7th April, 2017
By Kazeem Ugbodaga
As the world marks the World Health Day, the Lagos State Government has lamented rising cases of suicide in the state, saying that depression is the leading factor that triggers suicide.
The theme of this year’s celebration is “Depression: Let’s Talk.”
At a news conference to mark the day on Friday, Commissioner for Health, Dr. Jide Idris the growing cases of suicide in Lagos was worrisome and that efforts must be made to nip it in the bud.
“On the recent, growing awareness and worrisome suicide events that have occurred, the State Government considers it necessary to inform the populace about suicide and the common causes with depression being the first on the list. So, we must talk.
“Suicide is a major public health concern but preventable. It does not discriminate, thus affecting people of all ages, genders and ethnicity. Main risk factors include depression, other mental disorders including substance abuse disorder. Many suicides occur in moments of crisis with a breakdown in the ability to deal with life stresses such as financial problems, relationship breakup or chronic pain and illness.
“In addition, experiencing conflict, disaster, violence, abuse or loss and a sense of isolation are strongly associated with suicidal behaviour. Suicide rates are also high amongst vulnerable groups who experience discrimination, such as refugees and migrants and prisoners. The strongest risk factor for suicide is a previous suicide attempt.
“Suicide prevention efforts require coordination and collaboration among multiple sectors of the society including health, education, labor, justice, law, politics and the media. We have a lot of people suffering from these illnesses who are afraid to come out and talk about it because of stigmatization and discrimination. They are therefore not sure if they can get the help,” he said.
Idris said the state government had come up with help lines – 08058820777 and 09030000741 – through which residents of the state could ask questions, make enquiries and sought help from professionals early enough to allow for appropriate intervention.
“I must stress that there are people available to help. So, “Let’s Talk” …if you are a student, “Let’s Talk”, if you are parent, “Let’s Talk”, You feel alone in the world,” Let’s Talk.” Please be assured that Lagos State is committed to ensure the Public Health safety of all its residents and we are working to ensure that we all live safe and healthy lives, as we chase our dreams and work towards self-actualization,” he added.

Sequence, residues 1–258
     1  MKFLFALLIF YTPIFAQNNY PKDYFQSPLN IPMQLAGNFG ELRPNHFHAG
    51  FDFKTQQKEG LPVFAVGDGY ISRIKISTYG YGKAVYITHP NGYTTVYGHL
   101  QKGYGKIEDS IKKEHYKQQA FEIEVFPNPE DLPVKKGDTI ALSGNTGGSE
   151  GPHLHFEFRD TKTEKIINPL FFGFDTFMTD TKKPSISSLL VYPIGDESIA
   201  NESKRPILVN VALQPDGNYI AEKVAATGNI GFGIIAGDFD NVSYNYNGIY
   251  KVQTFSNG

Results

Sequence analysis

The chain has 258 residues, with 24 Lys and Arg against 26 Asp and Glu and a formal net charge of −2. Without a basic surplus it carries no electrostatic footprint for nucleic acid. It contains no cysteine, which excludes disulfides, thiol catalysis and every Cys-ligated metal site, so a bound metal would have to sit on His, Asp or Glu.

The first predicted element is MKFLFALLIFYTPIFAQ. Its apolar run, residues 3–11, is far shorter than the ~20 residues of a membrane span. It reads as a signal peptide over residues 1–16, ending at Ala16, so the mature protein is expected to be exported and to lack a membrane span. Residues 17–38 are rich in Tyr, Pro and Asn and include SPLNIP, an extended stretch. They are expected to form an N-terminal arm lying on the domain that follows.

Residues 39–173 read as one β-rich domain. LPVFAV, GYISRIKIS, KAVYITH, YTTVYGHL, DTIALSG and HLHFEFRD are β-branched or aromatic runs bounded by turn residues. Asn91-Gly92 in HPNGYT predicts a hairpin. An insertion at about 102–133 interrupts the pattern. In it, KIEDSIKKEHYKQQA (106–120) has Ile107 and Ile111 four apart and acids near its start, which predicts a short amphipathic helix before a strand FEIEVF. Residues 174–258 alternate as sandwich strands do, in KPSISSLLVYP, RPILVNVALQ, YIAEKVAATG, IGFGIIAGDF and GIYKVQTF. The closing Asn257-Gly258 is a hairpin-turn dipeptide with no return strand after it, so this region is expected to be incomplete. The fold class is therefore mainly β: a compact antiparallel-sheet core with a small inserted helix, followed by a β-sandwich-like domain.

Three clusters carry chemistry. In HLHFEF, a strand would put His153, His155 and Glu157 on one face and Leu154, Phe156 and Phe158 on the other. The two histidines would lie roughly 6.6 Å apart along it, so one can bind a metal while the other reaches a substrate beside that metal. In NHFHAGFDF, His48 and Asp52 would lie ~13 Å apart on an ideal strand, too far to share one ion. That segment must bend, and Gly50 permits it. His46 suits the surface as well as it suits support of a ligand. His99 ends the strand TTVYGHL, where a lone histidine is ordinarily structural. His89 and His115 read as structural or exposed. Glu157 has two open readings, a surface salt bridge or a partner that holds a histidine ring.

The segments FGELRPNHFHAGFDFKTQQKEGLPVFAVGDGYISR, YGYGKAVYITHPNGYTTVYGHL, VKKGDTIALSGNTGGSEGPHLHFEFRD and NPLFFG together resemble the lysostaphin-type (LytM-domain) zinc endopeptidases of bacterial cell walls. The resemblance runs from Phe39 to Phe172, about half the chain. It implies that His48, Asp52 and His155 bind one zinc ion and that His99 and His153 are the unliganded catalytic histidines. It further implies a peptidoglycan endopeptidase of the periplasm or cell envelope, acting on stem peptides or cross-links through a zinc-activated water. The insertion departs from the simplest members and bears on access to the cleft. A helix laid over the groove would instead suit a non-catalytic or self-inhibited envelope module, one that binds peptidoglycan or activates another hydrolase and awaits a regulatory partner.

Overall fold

The commissioner also said depression is a common mental disorder, characterized by sadness, loss of interest or pleasure, feelings of guilt or low self-worth, disturbed sleep or appetite, feelings of tiredness, and poor concentration.
“Globally, more than 300 million people of all ages suffer from depression. Depression is the leading cause of disability worldwide, and is a major contributor to the overall global burden of disease. More women are affected by depression than men.
“Depression can be long-lasting or recurrent, substantially impairing an individual’s ability to function at work or school or cope with daily life and can have devastating consequences for families, friends, communities and workplaces. In its most severe form, depression can lead to suicide. When mild, people can be treated without medicines but when depression is moderate or severe they may need medication and professional talking treatments.
“As evidenced by the recent disturbing news of suicide and suicidal attempts, a densely populated and metropolitan city- state like Lagos is not exempt from the challenges associated with increasing prevalence of depression and other mental health issues. The current recession even makes the experience in Nigeria a public health concern at a time when joblessness, homelessness, and hopelessness affect so many with the current economic downturn,” he stated.
On mental health, the commissioner said the ministry had established a Mental Health Advisory/Stakeholders’ Group to conduct a situation analysis, proffer innovative solutions and map out an implementation plan for reducing the burden of mental health problems in Lagos.
He said the group was made up of academics, policy makers, NGOs, researchers, clinicians and service users, with the department of Behavioural Medicine, LASUCOM forming the core of the think – tank team to bridge the gap between the town and the gown.